Another day of fast and furious driving moves us sixty miles north. In Forsyth we are camped near the expressway, better positioned for the drive home when the driving really will be fast and furious. This location is also closer to some of the sightseeing attractions that The Rally sponsored as bus tours when we were there last week.
In the early 1900’s, Juliette, GA was a booming community along the railroad tracks. Although the regularly used tracks are still there, the town went into decline. In 1991 Hollywood producers were looking for a location to bring the best selling book Fried Green Tomatoes to life. Although the book took place in Alabama, Juliette with its location on the Ocmulgee River, the railroad, and the quaint old buildings, was just what they were looking for. Friends told us they had stopped at the Whistle Stop diner there for a great meal and that was all we needed to hear. The little restaurant was crowded with tourists and a large flock of red hat ladies, so we sat at the counter and savored the atmosphere. The fried green tomatoes were yummy and bad for us, just as any fried vegetable is and the menu featured okra, corn bread, chicken friend steak, BBQ, and other stereotypically southern food. We expected to find a bit more to Juliette if tour buses go there, but aside from the “I ate Fried Green Tomatoes” T-shirts, there really wasn’t much there there.
So we headed down the road to a lesser known, but definitely more interesting state historic site called Jarrell Plantation. The word plantation engenders thoughts of massive white columned buildings and mint juleps, but this plantation was really just a farm. What made it special was that it had remained in the Jarrell family from the 1840’s to the 1970’s. We’ve seen many restored historic spots, but the family preserved this place over the years and the furniture in the homes and the rusting farm implements outside were all original right down to the pictures on the wall.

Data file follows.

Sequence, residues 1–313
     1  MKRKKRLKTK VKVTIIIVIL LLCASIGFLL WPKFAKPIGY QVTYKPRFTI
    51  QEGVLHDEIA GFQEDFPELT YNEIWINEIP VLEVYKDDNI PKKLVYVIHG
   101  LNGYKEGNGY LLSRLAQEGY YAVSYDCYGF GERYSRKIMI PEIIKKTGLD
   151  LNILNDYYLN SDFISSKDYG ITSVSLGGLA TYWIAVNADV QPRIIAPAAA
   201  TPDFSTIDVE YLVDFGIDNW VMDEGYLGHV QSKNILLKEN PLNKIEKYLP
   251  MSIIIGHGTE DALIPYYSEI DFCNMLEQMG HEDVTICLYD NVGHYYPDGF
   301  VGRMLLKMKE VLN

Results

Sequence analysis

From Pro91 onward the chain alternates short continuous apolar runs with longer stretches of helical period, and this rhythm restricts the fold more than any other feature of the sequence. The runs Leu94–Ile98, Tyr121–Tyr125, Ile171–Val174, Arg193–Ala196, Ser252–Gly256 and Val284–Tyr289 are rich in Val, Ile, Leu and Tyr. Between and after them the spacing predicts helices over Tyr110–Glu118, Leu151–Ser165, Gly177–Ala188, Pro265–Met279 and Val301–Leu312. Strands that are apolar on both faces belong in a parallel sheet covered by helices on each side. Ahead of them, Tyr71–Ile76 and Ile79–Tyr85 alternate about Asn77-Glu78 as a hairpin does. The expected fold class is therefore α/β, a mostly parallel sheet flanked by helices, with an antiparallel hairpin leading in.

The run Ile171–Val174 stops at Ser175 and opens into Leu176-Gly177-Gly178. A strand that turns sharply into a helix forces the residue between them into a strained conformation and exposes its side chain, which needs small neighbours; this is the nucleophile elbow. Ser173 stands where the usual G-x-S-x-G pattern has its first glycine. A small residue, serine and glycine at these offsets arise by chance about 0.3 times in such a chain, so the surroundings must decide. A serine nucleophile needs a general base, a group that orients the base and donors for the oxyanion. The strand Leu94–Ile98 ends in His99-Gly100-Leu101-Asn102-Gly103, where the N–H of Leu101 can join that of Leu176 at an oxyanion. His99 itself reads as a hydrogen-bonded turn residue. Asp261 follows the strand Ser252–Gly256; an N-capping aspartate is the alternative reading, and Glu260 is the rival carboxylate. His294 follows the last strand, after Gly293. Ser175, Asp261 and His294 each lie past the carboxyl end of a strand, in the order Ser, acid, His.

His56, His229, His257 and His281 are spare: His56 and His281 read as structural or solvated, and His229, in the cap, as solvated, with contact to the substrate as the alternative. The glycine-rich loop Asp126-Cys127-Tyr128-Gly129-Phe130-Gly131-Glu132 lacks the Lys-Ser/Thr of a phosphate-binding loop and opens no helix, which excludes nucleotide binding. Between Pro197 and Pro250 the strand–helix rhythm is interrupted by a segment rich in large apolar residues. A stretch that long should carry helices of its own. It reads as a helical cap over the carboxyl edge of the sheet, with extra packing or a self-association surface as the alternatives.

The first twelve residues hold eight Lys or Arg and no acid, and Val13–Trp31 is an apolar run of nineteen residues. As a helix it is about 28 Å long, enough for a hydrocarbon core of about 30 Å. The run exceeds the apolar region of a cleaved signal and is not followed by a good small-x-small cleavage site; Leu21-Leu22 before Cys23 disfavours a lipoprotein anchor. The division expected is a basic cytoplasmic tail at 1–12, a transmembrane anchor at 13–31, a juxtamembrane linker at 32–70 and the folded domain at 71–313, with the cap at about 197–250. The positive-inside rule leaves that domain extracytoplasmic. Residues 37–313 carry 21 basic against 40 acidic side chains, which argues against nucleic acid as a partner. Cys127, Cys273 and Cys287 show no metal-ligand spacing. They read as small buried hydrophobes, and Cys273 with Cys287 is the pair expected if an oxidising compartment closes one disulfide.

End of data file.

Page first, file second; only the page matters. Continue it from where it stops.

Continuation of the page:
John, the original Jarrell built a simple pine house and made the furnishings inside. As this hard working man made money, he bought more land and slaves to help him harvest the crops. By 1860 this 600 acre plantation was farmed by 39 slaves. Although no one would ever argue that slavery was right, one can imagine how devastated he felt after the Civil War when he no longer had the help of their labor and his investments were free to walk away. However, he must have been a decent owner and most of his slaves returned to the land as free men and farmed with him in tendency and built the farm up to 1,000 acres. Along the way typhoid claimed his wife and some of his children and he remarried. He had fourteen children altogether, but even a prosperous farm this size could not support them all and most of them left. As the workers left the slave houses deteriorated and disappeared, but the family maintained the other farm buildings.
After John died his son Dick returned and in 1895 built another house on the property for his own large family. The boll weevil infestation brought the cotton farmers to their knees, but he had diversified and also made money from the saw mill, grist mill, shingle mill, planer, sugar cane press, syrup evaporator that he built on the property. They are all still there and in working condition. In 1974 his descendants donated all the old farm buildings to the state of Georgia and today a Jerrell nephew lives in the newest and finest home on the property and runs a B & B there.
As we walked the grounds we had to think about how hard these folks worked and how talented they had to be in ways we have totally forgotten. It was hard to imagine the place as a farm since trees and bushes have reclaimed the fields the Jerrells had worked so hard to clear.